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5 Ways to Take Some of the Trauma Out of an Emergency Room Visit

Dr. Myiesha Taylor

In this day and age, a visit to the Emergency Room is often the primary way that many individuals will access healthcare in the United States. ERs by their nature are hectic places where many patients are facing immediately life threatening health problems. Many ERs are overcrowded and patient wait times are growing. But there are actions that patients and their families can take that will help them navigate a visit to the ER. Here are five hints to help improve your ER visit:

1) Visit the ER at either 4am or after 7am. We cannot always choose when we get sick and may need an emergency room. However, many times we may have the ability to decide whether to go now or wait an hour or two. If you have the option, consider going in the early morning towards the end of the week (not on the weekend). This is when the ER traffic is light, and the likelihood of being out-ranked by “sicker” patients is lowest. However, avoid going to the ER close to 7am. This is when most ERs have their staffing shift change, and if you show up after 6am, there’s a great possibility that you will have to wait until the new medical team comes in at 7am to really be evaluated.

2) When you show up to the ER, have a list of all the medications and supplements you take. Many patients and their families are unable to provide the ER staff with the names of their medications and/or supplements. This list is an important part of your medical history and necessary to ensure a high quality of care. If you really want to impress the ER staff bring a copy of your EKG if you have a heart condition. Take your EKG from a prior visit and shrink it down, laminate it and put it in your wallet so you’ll always have it with you to show the ER doctor in case you ever have chest pain while you’re traveling.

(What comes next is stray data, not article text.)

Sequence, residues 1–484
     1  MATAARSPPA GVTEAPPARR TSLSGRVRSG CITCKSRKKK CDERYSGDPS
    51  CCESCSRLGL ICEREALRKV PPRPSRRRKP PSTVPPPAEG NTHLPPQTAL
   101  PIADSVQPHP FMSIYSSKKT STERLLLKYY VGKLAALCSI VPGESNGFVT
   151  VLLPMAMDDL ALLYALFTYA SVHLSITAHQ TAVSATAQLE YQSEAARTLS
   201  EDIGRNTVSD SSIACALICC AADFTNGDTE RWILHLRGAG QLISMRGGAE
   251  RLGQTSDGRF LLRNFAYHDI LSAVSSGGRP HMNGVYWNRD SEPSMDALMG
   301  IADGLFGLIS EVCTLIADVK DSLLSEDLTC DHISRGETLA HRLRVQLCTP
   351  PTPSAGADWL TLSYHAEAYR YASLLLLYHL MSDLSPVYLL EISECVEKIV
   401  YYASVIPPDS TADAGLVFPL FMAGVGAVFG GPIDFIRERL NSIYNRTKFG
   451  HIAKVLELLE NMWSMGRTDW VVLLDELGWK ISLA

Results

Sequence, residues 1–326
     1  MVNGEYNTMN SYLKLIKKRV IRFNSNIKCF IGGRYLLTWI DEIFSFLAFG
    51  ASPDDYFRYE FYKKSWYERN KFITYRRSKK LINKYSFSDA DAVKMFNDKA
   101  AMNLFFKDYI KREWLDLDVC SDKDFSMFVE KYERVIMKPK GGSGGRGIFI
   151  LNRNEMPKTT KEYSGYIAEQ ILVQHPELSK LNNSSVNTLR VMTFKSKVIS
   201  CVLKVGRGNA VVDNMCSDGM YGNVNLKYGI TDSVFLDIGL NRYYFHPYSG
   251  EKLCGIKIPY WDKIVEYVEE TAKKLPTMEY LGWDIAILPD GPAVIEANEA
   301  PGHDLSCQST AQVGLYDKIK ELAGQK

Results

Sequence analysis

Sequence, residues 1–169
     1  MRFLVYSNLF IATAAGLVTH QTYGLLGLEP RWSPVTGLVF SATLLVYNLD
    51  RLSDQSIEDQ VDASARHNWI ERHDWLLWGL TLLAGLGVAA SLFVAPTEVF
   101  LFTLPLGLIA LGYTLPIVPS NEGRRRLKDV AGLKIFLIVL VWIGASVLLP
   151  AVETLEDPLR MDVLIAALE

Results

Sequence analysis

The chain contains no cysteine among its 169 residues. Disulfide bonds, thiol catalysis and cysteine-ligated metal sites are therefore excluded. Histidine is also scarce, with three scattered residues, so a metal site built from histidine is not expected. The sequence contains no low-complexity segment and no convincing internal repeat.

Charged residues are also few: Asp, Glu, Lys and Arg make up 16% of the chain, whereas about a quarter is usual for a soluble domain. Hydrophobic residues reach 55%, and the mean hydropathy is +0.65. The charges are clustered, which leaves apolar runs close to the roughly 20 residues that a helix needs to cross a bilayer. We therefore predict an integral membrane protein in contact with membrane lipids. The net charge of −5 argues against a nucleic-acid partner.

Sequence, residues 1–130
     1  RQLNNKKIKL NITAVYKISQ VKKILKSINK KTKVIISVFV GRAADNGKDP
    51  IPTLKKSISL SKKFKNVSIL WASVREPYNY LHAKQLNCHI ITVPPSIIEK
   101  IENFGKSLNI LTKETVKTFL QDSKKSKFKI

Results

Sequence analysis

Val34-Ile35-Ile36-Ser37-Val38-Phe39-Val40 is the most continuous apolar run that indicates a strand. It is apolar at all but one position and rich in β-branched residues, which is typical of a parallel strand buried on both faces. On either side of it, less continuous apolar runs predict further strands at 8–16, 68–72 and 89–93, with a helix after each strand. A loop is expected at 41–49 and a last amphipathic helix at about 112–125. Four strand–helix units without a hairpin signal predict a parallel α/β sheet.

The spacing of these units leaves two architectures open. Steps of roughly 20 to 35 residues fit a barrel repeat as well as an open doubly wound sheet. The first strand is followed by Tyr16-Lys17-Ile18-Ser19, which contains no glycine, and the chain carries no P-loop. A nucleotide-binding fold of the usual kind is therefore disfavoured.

3) Write down your medical history, your surgeries, and the name and phone number of your primary care physician. This will allow you to better participate in the medical discussion and understand what’s being explained. Additionally, it allows the doctor to fully consider all the possible emergency conditions that may exist based on your current complaint.

4) Try to be kind and respectful to the ER staff. Unfortunately the ER is not always a friendly place to work. The ER nurses and doctor endure tons of abuse, both verbal and physical. Being kind and polite to the medical team in the ER will help keep the environment calm and allow everyone to do their job effectively. While this is a stressful time for you and your family, a little kindness goes a long way.

5) Realize that the primary role of the emergency room is to rule-out immediately life threatening diseases. If your problem is chronic, or is not likely to cause death or disability in the next few minutes to days, typically it is beyond the capacity of the ER to fully diagnose and treat it. We do not have access to the full array of blood tests, examinations or physician specialist/consultants that your primary physician has available to properly diagnose and treat your illness. The ER should never be viewed as a substitute for having and seeing your primary care doctor.

 

Dr. Myiesha Taylor is a board certified emergency medicine physician specialist and a fellow of the American College of Emergency Physicians. In an effort to mentor and support women physicians of color globally, she founded Artemis Medical Society in June of 2012. Currently Dr. Taylor is President of Artemis Medical Society which has nearly 2500 members with representation in every major American city, and extends to South Africa, the United Kingdom, Italy, and the Caribbean. 

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